The two sub-assemblies of FIG. 3 may be rotated to be open at 90°. The hinge halves 63, 63 a and 67, 67 a are then positioned to mate, and the hinge pins are inserted. The housing may then be rotated onto its bottom panel and the V-brackets 20, 22 may be bolted to the frame members of the left and right side using wing nuts 92 and bolts 94 (shown in detail in FIG. 7), after inserting the speed rail in the cups 24, 26 and tightening the set screws 28, 30.
Alternatively, the V-brackets may be affixed to the side members before the side members, top and bottom subassemblies are connected. One side of the speed rail would then be inserted into one cup and the set screws tightened, and the other side would then be inserted into the remaining cup upon connecting the side, top, bottom and other side.
Once the housing, V-brackets and bar are connected, the stage lights are mounted using the C-clamps and the diffusion elements are slid into place. The door 10 a is rotated closed and the angle brackets 82 are rotated downward (in FIG. 2) to hold the door closed (as shown in FIG. 1). The box may be disassembled in reverse order.
Preferably, the back of the box is open which allows for venting of the lights, as well as easily mounting them, disconnecting them, electrical line access, and positioning of the lights.
In accordance with another aspect of the invention, several boxes may be used adjacent one another or otherwise positioned to cooperate to light a set. These boxes may be suspended, such as from scaffolding, as shown in FIG. 1. In the television and movie industry, existing scaffolding in indoor stages is known as a green bed. A simple means to suspend the box or boxes from the green bed is to provide eye bolts 81 fixed to the frame members of the top 8 and use chain or rope 83 connected to the eye bolts and the scaffolding as shown in FIG. 1. As also shown in FIG. 1, three boxes 1 are adjacent one another on the viewer's left side of FIG. 1 and two boxes 1 are adjacent one another on the right side of FIG. 1. The three boxes together would typically provide greater light, given use of the same lights in each box, and thus be known as key lighting for a set or stage and the two box group would provide fill light.
With reference to FIG. 5, the angular front edges of the left and right side members will be explained. The angle provides a way to channel and direct light when the boxes are horizontally mounted, such as shown in FIG. 1, with the top flush or parallel to the green bed or the like. The angle also allows light to project to the upstage portion of the set and the downstage portion, even though the boxes are mounted in the air and close to the set. The angle may be selected depending upon the geometry of where the boxes are mounted in relation to the set, as well as any other factors well known in the art. For example, the top may have a depth dimension D of four feet and the bottom may have a depth dimension C of three feet, thus providing front edge E with an angle “tilted downward.” Preferably, the distance from the top of the box to the bottom would also be four feet. The angular orientation of diffusion element 16 also provides a greater surface area with which to diffuse the light.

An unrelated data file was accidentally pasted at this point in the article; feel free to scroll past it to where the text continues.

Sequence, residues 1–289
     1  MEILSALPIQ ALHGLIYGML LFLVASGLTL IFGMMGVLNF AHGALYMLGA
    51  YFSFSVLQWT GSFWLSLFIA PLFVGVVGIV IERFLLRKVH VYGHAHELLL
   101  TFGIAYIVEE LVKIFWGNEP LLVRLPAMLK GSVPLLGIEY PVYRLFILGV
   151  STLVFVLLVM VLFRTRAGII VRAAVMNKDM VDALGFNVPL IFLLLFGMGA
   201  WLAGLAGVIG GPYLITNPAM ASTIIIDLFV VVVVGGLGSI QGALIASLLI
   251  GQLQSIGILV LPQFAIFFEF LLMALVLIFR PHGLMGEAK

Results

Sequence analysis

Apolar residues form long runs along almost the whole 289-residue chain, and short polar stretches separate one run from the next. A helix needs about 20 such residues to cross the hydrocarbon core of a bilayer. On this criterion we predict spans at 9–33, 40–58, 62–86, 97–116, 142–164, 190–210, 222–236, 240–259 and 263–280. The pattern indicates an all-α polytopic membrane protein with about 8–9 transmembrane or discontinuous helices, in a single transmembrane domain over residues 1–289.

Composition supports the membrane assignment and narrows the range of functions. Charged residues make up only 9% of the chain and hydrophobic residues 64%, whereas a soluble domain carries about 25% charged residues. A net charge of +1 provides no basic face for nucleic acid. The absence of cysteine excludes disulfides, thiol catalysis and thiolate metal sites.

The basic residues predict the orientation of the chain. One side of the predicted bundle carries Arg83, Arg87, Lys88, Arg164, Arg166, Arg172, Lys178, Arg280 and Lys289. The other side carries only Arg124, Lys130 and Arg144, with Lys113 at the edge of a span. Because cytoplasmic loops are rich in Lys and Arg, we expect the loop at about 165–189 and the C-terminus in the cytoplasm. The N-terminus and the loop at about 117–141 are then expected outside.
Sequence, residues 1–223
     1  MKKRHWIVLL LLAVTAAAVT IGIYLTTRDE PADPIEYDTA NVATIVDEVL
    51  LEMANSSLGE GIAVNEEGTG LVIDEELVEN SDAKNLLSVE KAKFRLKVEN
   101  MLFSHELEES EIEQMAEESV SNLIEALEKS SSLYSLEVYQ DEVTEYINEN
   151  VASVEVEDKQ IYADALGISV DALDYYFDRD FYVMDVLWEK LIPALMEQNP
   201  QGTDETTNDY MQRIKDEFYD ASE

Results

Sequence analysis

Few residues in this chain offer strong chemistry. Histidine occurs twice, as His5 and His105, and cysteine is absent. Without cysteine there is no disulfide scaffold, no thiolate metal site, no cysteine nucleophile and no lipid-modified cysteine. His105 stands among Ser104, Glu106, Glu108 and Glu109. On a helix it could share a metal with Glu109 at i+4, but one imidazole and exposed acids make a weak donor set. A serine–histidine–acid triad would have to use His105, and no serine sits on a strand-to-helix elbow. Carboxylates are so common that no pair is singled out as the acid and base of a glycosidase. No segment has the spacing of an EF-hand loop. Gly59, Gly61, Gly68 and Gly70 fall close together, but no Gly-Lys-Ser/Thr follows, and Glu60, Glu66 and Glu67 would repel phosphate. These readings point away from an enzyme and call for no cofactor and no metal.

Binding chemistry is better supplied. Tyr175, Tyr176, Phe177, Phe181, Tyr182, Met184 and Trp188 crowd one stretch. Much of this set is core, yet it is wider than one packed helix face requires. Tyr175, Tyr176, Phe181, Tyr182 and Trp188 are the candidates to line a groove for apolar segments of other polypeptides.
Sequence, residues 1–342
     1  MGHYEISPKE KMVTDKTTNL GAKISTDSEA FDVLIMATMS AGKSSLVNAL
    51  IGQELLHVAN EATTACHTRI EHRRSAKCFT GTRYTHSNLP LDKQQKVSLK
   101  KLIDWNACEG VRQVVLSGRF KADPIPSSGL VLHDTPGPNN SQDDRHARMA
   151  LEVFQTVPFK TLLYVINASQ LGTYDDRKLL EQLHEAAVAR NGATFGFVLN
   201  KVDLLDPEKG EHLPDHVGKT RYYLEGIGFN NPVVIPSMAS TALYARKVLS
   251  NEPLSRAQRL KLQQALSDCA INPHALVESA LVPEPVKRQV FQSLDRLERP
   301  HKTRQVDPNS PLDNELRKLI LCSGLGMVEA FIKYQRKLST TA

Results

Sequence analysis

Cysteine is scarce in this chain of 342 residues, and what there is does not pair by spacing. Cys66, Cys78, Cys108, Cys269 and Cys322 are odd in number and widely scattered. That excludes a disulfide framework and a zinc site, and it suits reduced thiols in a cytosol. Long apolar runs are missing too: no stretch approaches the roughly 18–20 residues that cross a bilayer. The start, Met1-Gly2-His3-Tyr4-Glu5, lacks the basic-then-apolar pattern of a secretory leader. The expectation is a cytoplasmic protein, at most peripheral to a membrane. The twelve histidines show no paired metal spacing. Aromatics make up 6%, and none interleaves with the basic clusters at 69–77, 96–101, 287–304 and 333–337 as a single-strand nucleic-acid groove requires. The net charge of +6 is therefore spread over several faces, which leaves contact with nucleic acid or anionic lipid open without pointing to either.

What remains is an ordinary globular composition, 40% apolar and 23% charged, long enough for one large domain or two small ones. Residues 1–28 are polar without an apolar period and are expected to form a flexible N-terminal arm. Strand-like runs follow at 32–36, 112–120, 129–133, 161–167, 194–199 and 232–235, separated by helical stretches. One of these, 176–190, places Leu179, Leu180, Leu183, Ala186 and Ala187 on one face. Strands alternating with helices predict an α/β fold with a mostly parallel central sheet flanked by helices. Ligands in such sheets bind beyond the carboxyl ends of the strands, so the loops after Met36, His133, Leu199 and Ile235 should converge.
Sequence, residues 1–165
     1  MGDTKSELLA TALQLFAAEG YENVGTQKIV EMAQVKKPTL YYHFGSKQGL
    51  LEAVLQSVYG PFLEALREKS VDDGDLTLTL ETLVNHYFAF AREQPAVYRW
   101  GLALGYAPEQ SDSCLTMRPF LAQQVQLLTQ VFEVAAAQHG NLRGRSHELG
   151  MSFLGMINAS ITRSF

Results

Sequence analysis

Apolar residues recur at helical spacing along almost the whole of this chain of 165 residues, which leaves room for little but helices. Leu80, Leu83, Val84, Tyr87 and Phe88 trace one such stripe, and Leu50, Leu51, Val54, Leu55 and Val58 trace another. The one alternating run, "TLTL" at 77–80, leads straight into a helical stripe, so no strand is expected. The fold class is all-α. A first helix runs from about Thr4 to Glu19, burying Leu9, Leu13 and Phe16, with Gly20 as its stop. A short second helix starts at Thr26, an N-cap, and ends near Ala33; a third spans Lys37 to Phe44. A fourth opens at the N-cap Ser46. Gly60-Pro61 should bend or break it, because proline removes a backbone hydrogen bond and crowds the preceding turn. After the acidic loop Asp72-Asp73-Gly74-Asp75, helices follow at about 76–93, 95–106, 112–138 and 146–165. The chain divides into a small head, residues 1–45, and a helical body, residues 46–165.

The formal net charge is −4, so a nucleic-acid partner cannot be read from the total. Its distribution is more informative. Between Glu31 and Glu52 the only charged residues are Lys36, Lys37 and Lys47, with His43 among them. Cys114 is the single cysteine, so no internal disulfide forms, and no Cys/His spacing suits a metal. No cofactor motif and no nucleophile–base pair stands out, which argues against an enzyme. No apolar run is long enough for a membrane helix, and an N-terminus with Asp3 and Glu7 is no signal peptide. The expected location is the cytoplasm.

The boxes can be constructed larger, or smaller, with any appropriately desired dimension, but it is advantageous to construct them with a four-foot square length and width cross-section. This size readily accommodates four lights, the two lights on top and the two lights on the bottom. Alternatively, the box could be eight feet wide by four feet tall which would accommodate eight lights for standard pars. More lights can be fit into a box than is shown in the drawings, to increase the strength depending on the use. In addition, one may put lights at three or more relative heights or put more than two across.
By use of higher powered lights on top, upstage lighting can be comparable to downstage lighting, and by use of boxes placed side to side, lighting at one side of the set can be comparable to lighting at the other side.